Peer consultation as a complement to education and practice
Armed with the knowledge about learning and learning styles gained in Part III, we can take another look at the practice of peer consultation. Where exactly does peer consultation fit in within Kolb’s learning styles? It has been suggested (e.g. in McGill and Beaty, 1992, or in Weinstein, 1995) that action learning stimulates the whole learning circle and stimulates every one of Kolb’s learning styles equally. Our own research (see Appendix E for a summary) has shown a rather different situation, where action learning seems to stimulate one learning style — divergence — more than the others.1 Peer consultation consists primarily of reflection and an exchange of ideas on the basis of (previous) experiences in work situations, and this means that peer consultation is set primarily within the divergent learning style.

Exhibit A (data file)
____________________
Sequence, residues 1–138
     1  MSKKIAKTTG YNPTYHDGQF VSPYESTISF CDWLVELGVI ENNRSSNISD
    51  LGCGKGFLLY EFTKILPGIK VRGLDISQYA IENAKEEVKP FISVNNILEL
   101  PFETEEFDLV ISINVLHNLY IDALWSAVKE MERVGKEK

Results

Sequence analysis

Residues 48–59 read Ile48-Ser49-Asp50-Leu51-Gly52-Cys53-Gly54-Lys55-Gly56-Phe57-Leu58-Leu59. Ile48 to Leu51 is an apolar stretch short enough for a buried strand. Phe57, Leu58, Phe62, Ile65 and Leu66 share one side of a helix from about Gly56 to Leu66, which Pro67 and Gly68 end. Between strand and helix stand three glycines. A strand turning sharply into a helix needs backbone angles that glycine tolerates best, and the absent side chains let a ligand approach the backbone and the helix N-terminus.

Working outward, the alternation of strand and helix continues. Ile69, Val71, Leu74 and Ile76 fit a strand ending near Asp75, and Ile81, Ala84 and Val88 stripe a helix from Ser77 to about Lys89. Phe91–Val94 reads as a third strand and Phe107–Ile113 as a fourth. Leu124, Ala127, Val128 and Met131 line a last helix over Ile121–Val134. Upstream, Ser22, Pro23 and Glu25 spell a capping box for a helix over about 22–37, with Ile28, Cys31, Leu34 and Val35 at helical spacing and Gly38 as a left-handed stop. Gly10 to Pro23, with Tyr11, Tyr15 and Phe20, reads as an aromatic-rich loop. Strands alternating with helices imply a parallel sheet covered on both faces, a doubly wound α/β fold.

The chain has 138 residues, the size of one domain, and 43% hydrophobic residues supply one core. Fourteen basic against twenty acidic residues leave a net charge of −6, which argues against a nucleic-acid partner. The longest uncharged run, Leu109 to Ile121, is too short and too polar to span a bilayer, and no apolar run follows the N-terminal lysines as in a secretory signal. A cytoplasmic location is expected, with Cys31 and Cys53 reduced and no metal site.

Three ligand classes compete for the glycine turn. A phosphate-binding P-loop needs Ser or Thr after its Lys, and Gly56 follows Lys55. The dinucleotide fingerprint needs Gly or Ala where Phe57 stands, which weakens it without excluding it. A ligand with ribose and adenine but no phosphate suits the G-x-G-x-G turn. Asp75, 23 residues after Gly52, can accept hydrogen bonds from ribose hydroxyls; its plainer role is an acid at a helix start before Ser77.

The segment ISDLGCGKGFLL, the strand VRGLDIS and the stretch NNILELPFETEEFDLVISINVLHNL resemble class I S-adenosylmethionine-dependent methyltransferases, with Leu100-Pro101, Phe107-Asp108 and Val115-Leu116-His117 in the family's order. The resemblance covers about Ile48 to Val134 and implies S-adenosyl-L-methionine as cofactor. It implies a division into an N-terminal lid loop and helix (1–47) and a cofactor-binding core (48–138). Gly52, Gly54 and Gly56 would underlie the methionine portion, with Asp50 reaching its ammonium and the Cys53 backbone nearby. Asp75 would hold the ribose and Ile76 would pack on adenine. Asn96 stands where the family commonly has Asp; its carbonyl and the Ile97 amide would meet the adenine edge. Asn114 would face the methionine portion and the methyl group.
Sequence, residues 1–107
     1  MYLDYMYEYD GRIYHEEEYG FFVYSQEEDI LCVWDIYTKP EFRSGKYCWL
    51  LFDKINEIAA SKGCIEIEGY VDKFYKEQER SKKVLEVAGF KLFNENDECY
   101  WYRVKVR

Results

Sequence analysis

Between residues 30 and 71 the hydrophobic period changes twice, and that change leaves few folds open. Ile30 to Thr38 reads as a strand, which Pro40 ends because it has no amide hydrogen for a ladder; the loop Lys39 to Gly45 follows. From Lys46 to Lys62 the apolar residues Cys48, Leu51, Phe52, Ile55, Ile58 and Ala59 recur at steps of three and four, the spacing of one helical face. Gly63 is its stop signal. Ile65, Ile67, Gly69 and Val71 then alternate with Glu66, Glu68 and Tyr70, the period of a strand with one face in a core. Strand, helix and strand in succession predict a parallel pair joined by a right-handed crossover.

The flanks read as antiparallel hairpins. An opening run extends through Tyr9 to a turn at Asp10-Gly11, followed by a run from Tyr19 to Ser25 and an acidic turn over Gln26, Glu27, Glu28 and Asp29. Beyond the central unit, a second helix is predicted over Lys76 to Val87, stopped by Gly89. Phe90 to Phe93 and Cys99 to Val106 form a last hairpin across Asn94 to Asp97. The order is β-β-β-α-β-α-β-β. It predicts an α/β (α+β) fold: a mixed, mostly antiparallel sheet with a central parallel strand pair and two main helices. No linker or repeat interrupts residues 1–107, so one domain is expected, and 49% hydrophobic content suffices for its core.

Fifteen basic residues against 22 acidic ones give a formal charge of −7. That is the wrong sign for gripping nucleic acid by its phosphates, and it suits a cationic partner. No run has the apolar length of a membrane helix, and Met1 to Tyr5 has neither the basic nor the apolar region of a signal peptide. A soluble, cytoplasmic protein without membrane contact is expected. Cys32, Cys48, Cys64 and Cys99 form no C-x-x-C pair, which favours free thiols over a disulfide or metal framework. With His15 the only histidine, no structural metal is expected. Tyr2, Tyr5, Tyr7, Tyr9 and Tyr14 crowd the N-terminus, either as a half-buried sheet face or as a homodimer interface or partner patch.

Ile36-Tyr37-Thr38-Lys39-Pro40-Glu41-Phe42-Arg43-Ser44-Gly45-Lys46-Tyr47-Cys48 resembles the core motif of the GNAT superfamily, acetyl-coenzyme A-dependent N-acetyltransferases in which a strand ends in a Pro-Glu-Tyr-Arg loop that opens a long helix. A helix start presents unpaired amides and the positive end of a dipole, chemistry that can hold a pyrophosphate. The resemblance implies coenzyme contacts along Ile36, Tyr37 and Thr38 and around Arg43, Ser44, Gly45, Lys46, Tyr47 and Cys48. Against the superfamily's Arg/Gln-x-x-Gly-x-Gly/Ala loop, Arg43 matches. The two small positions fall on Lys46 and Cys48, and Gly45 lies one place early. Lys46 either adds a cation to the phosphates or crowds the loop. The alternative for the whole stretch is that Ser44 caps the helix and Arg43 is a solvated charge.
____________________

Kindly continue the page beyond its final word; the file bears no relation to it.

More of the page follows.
KeywordsMarketing Assimilation Weinstein
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